Rupununi Savannah is a savanna plain, an eco-region, located in the Upper Takutu-Upper Essequibo region of the Co-operative Republic of Guyana.
As it is one of the most unique and diverse ecosystems in Guyana, it is home to more than 9,000 species, including about 2,000 vertebrates and many species that are highly endangered globally. Located between the Rupununi River and the border with Brazil and Venezuela, it is among the last places on the planet that are still untouched.
Divided into North and South Rupununi by the Kanuku Mountains, the Rupununi Savannah is home to the Wapishana, Macushi, Wai-Wai and Patanoma indigenous people.
Their main occupations are cattle ranching for beef, Balatá bleeding to extract latex, farming peanuts, maize (corn), cassava, vegetables, fishing, hunting, craft work such as the manufacture of hammocks, leather articles, Nibbi furniture and bead-work and many others.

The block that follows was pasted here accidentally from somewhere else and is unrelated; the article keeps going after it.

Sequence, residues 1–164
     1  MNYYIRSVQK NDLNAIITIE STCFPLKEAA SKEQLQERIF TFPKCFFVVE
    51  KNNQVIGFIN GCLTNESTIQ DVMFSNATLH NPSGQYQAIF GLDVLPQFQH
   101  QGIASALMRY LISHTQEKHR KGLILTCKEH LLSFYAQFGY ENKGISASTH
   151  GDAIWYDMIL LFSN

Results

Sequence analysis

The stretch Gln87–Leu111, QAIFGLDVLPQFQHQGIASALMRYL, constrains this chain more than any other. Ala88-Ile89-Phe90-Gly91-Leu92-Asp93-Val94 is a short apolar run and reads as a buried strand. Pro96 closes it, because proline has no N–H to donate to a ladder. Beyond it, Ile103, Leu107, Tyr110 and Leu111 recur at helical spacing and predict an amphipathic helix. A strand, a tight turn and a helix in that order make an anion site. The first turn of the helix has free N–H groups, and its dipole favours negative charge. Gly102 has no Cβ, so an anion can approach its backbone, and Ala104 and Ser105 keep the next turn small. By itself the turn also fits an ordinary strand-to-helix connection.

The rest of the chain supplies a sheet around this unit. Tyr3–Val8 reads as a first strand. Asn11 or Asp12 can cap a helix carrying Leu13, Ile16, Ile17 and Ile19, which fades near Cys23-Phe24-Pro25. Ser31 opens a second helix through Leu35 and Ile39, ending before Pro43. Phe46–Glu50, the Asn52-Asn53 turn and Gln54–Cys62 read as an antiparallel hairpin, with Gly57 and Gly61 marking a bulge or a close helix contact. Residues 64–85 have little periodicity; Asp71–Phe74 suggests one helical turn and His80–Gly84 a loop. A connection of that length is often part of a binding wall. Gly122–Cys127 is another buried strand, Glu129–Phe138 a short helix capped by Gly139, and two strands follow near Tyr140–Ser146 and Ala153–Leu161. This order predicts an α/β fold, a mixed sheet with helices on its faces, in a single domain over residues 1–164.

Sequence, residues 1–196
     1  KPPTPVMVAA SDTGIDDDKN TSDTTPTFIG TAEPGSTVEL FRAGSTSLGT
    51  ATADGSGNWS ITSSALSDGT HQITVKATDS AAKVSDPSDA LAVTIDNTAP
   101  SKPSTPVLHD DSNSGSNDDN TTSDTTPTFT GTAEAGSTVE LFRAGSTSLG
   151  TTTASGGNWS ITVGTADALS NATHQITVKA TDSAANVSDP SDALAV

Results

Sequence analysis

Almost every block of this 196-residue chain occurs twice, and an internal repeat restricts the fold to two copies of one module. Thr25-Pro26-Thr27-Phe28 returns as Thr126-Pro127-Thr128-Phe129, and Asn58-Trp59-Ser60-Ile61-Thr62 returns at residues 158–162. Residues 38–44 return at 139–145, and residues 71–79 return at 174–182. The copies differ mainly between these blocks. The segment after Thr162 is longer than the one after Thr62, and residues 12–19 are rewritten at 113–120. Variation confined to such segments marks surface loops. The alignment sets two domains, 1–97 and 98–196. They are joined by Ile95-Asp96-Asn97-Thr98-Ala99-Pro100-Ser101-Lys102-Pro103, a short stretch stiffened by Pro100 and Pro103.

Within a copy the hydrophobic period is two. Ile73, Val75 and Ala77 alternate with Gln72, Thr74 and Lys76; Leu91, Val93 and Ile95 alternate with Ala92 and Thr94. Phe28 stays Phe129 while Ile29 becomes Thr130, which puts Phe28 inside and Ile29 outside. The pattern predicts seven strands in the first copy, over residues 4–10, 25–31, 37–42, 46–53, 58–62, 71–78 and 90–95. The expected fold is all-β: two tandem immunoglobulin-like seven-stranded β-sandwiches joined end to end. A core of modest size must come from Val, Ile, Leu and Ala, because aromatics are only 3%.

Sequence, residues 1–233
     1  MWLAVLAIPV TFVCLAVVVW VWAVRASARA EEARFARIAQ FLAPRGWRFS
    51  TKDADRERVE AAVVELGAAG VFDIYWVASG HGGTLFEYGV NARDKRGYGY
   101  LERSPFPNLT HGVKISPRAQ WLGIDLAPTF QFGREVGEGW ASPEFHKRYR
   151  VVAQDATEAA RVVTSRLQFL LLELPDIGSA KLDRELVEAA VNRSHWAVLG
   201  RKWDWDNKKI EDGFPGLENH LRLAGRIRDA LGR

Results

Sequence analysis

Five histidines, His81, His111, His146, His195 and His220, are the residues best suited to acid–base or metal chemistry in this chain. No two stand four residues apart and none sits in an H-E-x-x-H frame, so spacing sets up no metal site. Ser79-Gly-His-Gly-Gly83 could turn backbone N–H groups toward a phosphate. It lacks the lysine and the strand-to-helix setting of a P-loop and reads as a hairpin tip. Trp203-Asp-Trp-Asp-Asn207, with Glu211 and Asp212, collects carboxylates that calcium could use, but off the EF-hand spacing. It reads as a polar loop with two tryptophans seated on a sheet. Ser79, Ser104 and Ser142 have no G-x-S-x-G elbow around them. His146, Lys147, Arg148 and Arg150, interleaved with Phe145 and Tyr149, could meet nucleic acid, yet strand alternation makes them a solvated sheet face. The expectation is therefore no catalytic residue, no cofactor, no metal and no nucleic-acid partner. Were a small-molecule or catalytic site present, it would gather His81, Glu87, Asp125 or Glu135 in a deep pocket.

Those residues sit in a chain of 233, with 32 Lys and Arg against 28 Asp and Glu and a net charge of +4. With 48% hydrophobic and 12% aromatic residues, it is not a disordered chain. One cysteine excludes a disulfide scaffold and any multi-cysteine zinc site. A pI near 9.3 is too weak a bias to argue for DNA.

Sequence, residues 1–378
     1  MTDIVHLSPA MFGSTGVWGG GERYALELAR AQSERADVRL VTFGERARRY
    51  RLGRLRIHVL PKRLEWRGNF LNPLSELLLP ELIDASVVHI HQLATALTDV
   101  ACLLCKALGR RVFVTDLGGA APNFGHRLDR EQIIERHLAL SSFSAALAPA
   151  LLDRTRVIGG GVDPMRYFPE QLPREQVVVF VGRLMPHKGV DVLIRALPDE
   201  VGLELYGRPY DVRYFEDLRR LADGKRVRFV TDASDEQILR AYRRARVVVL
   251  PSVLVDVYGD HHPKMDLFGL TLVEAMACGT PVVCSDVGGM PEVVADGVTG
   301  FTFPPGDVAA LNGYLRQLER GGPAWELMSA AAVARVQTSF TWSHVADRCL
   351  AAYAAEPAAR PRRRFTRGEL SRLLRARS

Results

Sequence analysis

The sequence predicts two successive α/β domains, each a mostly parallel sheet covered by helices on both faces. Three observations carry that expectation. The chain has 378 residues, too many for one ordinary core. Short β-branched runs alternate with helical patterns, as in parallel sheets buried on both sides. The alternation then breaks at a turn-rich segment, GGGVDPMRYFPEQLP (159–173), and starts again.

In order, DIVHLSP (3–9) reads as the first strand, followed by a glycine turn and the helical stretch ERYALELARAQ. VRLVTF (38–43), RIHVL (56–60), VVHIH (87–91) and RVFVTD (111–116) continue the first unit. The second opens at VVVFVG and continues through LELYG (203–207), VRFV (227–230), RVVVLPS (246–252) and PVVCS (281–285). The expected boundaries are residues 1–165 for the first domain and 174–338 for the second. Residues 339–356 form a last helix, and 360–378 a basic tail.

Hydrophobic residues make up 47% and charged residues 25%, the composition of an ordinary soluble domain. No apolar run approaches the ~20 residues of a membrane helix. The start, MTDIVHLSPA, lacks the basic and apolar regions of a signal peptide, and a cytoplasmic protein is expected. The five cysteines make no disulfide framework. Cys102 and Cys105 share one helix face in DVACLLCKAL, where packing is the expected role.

There are Amerindian villages dotted throughout the Rupununi Savannah, as well as many ranches worked by vaqueros (cowboys), some of whom are descendants of 19th century Scottish settlers. Until recently, the region’s ecosystems have been protected by its isolation.
Increasing interest in the region for gold mining, petroleum extraction, and large-scale agriculture, however, is beginning to threaten the spectacular wildlife and natural habitats of the Rupununi.
As pressure to “develop” the region increases, it is essential to have a strong baseline of species and habitat information for the Southern Rupununi, which is yet to be greatly discovered, in order to make sound management and conservation decisions.
Until then, with hope that the area won’t get “contaminated” from the globalization, people visiting the Rupununi Savannah can enjoy in the vast plains Guyana can offer.